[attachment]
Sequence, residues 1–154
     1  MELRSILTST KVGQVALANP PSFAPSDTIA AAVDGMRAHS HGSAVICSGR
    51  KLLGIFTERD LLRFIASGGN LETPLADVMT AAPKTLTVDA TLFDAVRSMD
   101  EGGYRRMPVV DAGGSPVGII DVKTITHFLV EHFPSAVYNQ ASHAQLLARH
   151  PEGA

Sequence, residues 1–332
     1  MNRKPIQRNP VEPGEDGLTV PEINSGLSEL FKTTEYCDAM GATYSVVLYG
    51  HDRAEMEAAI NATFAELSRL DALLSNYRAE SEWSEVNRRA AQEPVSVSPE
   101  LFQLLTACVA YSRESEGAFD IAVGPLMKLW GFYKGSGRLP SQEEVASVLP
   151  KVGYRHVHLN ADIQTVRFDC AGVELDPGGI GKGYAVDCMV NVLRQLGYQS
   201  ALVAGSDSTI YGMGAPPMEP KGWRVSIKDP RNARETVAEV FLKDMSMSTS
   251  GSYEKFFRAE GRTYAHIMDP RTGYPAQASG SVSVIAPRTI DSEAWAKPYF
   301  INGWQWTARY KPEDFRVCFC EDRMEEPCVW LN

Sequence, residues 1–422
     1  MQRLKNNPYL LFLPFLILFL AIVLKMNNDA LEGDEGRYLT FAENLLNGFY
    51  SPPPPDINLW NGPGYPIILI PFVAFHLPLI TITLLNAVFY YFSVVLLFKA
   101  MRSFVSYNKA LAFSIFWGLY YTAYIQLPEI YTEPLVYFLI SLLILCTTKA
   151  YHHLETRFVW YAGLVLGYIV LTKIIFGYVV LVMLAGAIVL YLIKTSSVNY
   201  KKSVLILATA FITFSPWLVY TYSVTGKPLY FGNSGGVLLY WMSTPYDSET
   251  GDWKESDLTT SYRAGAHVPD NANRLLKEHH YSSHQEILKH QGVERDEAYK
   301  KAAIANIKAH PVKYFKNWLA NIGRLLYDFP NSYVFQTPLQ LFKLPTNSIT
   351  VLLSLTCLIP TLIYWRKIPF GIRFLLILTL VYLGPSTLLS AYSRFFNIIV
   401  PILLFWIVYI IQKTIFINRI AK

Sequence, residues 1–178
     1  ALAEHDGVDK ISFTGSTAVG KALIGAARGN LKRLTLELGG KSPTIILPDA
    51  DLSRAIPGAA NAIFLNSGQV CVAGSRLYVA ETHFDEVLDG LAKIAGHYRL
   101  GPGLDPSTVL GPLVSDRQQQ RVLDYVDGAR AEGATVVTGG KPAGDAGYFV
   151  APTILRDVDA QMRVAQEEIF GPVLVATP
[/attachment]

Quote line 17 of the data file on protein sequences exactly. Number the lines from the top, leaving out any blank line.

   101  MRSFVSYNKA LAFSIFWGLY YTAYIQLPEI YTEPLVYFLI SLLILCTTKA